Re: Should Tova Mirvis’ memoir of leaving Orthodoxy be taught in yeshiva high schools?
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Re: Should Tova Mirvis’ memoir of leaving Orthodoxy be taught in yeshiva high schools?

October 30, 2018 08:03AM
I was a bit appalled at the treatment of Tova Mirvis' Book of Separation and the discussion on the possible use of it in High School. In this posting I will outline what I think Tova's real problem was, how this could be used profitably in a High School class, and what the reaction (halachic and otherwise) should be to her book.

I start off by pointing out that I am not the first to regard "leaving the path" (off the derech) as a search for physical intimacy rather than a dignified intellectual problem. Indeed, the haunting question of how a nation which personally experienced prophecy at Sinai worshipped a golden calf has been answered in our tradition by pointing out that the idolatrous calf golden calf ceremony had partying and fun, the real reason for the Jews sinning. There were no intellectual problems, just emotional problems.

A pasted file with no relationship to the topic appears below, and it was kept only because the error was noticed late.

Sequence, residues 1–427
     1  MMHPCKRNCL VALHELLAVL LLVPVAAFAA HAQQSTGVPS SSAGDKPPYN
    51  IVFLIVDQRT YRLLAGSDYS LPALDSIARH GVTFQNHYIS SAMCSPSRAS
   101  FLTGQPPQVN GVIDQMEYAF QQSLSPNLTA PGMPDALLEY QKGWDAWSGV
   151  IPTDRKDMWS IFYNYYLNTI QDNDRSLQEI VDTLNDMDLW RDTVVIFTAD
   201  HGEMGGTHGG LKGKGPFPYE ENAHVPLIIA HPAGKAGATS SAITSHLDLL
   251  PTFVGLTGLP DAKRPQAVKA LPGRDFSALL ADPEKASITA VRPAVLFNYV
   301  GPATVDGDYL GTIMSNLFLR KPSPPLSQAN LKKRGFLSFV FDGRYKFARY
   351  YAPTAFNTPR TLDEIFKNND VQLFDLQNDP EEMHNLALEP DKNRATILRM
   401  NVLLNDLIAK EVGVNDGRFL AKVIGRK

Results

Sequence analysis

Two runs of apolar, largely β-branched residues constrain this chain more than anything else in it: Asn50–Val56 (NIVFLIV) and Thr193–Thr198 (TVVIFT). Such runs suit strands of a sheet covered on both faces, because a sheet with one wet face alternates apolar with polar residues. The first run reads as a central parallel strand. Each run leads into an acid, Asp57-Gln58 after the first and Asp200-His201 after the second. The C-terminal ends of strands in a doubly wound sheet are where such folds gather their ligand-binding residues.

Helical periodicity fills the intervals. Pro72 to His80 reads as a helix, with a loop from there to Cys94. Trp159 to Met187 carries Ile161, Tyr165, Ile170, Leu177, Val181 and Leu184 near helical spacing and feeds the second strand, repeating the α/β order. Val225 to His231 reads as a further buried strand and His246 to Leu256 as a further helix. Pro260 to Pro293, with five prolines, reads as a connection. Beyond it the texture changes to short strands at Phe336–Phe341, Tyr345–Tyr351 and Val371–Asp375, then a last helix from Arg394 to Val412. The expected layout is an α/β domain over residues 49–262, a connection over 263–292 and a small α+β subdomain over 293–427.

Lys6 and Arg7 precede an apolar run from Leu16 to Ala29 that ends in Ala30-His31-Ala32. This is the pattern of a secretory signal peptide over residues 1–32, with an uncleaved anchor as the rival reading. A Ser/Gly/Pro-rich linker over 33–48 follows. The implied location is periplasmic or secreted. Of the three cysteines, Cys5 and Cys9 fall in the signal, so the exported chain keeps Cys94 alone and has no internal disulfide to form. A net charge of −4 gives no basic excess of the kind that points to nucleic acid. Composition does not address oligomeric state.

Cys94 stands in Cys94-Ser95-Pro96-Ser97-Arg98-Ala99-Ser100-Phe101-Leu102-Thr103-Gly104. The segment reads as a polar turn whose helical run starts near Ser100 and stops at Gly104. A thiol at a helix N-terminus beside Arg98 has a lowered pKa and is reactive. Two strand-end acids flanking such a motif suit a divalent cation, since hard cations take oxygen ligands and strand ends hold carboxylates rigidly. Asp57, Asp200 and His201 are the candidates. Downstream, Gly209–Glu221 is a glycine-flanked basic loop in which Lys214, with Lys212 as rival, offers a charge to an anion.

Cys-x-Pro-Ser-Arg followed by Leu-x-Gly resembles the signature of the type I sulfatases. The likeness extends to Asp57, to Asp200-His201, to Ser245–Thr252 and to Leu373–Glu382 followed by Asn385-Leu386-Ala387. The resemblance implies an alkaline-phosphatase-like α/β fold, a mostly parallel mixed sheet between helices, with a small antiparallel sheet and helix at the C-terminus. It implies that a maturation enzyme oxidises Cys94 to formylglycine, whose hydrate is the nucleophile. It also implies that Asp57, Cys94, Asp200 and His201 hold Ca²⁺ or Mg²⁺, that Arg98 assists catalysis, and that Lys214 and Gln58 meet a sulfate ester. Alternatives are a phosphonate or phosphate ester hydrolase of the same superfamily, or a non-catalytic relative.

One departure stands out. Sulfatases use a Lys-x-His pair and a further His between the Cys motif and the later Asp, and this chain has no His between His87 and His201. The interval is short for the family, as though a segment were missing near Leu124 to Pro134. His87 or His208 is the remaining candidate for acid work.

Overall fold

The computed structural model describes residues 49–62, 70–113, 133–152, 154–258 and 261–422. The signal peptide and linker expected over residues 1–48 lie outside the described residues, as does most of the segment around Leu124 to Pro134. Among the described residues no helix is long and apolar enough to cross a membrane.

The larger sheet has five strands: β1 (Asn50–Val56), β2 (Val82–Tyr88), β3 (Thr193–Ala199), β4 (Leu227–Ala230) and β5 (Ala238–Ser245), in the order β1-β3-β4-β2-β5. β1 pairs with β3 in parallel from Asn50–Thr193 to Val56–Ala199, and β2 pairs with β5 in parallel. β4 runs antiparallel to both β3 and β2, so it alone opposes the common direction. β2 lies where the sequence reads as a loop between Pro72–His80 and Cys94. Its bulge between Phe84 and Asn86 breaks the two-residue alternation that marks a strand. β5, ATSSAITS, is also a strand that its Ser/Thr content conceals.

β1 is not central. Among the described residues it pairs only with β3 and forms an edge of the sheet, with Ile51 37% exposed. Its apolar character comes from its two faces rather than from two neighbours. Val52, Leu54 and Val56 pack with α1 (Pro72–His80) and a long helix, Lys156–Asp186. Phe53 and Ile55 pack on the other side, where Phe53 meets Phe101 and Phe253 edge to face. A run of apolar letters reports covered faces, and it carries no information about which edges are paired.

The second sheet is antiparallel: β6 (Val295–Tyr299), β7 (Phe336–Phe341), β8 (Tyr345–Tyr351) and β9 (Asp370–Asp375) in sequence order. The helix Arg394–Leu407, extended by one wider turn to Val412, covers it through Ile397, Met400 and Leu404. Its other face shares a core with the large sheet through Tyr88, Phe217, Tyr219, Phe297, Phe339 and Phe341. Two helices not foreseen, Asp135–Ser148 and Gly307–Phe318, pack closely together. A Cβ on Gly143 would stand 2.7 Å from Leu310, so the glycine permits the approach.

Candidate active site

As one reads her book one finds many hints of physical dis-satisfaction with her marriage: I list a few: i) her husband was rarely home, ii) she mentions she enjoyed hikes, pizza, and zip-lining with her second husband (the issue then becomes why she never attempted to do this in her first marriage), iii) her picking on silly items which however indicate physical unhappiness, for example, iiia) her childhood recollection of resenting the verse that Adam will rule over this wife, iiib) her overreactions to contents in the Jewish marriage manuals she read, iiic) her headaches from hairpieces in the synagogue.